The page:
The mechanism actually used in the context. Specify NULL if you don't need to know.
The token to send to the acceptor.
if (ret_flags & GSS_C_CONF_FLAG) confidentiality = TRUE;
If true, indicates that the initiator's credentials can be delegated. See Delegation.
If true, indicates that mutual authentication is allowed. See Mutual Authentication.
If true, indicates that detection of repeated messages is in effect. See Out-of-Sequence Detection and Replay Detection.
If true, indicates that detection of out-of-sequence messages is in effect. See Out-of-Sequence Detection and Replay Detection.
If true, confidentiality service is allowed for transferred messages; that is, that messages can be encrypted. If confidentiality is not allowed, then only data-origin authentication, and integrity services can be applied (this last only if GSS_C_INTEG_FLAG is not returned as false).
If true, the integrity service can be applied to messages; that is, that messages can be stamped with a MIC to ensure their validity.
If true, indicates that the context initiator will remain anonymous. See Anonymous Authentication.
Sometimes context establishment can take several passes, and sometimes the client might have to wait before it's complete. Even though a context is not fully established, gss_init_sec_context() can indicate what protection services, if any, will be available after the context is complete. An application can therefore buffer its data, sending it when the context is eventually fully established.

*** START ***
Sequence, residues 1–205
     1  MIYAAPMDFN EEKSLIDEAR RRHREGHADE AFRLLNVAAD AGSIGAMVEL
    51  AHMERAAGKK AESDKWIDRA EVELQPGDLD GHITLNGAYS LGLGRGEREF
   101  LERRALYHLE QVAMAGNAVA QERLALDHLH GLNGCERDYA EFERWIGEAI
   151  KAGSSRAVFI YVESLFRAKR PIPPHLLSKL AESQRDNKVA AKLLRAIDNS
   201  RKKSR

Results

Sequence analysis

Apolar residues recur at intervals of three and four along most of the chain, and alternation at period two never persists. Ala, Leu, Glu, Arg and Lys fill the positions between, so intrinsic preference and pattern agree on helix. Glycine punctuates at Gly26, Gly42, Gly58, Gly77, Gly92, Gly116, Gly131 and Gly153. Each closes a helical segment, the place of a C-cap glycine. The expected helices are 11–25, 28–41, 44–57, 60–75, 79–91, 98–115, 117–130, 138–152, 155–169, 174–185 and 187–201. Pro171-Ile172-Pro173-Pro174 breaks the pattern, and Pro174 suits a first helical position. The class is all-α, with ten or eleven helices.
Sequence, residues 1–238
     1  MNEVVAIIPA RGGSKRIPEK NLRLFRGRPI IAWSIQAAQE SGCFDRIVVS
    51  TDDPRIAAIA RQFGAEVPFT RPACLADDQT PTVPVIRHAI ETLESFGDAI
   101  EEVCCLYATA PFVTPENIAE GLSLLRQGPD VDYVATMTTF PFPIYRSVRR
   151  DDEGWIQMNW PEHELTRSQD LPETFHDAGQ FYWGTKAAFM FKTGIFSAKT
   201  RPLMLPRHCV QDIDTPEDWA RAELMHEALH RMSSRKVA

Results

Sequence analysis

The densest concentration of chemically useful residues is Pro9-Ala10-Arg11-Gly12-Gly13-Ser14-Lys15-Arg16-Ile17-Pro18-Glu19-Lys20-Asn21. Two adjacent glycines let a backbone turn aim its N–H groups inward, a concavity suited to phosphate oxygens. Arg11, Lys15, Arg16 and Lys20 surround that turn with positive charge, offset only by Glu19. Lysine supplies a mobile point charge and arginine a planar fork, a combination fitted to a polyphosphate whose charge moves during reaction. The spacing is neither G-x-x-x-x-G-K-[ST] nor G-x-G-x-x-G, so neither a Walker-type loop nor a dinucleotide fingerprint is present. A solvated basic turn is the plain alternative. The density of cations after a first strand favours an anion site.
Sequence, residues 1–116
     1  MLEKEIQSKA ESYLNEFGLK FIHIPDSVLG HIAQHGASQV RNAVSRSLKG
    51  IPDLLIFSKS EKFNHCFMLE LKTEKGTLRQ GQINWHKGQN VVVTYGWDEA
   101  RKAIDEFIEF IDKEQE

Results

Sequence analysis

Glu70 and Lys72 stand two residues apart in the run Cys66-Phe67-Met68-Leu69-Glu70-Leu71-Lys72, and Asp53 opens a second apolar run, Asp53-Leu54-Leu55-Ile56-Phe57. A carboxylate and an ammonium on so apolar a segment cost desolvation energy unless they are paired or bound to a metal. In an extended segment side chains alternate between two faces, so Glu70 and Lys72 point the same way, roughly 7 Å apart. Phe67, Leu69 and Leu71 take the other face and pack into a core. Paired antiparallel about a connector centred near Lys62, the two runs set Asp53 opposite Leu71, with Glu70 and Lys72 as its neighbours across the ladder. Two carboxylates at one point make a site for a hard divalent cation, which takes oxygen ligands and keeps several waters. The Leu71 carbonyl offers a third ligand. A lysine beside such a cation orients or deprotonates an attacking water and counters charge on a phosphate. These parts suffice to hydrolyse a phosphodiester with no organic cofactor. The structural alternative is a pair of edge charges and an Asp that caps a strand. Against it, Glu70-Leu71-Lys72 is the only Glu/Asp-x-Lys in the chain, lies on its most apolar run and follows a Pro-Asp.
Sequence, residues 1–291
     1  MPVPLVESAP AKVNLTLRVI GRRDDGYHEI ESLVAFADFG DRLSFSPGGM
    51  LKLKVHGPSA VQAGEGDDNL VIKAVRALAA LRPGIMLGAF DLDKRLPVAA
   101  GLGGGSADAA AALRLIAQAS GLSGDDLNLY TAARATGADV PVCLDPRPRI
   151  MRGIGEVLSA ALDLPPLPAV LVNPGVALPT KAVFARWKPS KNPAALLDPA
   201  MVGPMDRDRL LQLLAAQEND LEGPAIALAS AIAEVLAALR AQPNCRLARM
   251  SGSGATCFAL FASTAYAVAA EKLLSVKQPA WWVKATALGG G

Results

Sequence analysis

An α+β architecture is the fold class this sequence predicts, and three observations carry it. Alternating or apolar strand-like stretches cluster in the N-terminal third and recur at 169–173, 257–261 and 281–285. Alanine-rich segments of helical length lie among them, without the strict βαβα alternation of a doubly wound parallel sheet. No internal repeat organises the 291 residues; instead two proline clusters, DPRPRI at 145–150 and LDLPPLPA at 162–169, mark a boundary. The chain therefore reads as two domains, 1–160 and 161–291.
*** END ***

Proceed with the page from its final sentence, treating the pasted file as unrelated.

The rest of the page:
If ret_flags indicates GSS_C_PROT_READY_FLAG, the protection services indicated by the GSS_C_CONF_FLAG and GSS_C_INTEG_FLAG flags are available even if the context has not been fully established (that is, if gss_init_sec_context() returns GSS_S_CONTINUE_NEEDED). An application can then call the appropriate wrapping functions, gss_wrap() or gss_get_mic(), with the preferred protection services, and buffer the output for transfer when the context is complete.
If GSS_C_PROT_READY_FLAG is false, then the application cannot make any assumptions about data protection, and must wait until the context is complete (that is, when gss_init_sec_context() returns GSS_S_COMPLETE).
Earlier versions of the GSS-API did not support the GSS_C_PROT_READY_FLAG argument, so developers wanting to maximize portability should determine which per-message services are available by looking at the GSS_C_CONF_FLAG and GSS_C_INTEG_FLAG flags after a context has been successfully established.
This flag indicates whether this context can be exported. For more information on importing and exporting contexts, see Context Export and Import.
Number of seconds for which the context will remain valid. Specify NULL if you're not interested in this value.
In general, the parameter values returned when a context is not fully established are those that would be returned when the context is complete. See the gss_init_sec_context() man page for more information.
gss_init_sec_context() returns GSS_S_COMPLETE if it completes successfully. If a context-establishment token is required from the peer application, it returns GSS_S_CONTINUE_NEEDED. If there are errors, it returns error codes, which can be found on the gss_init_sec_context(3GSS) man page.
If context initiation fails, the client should disconnect from the server.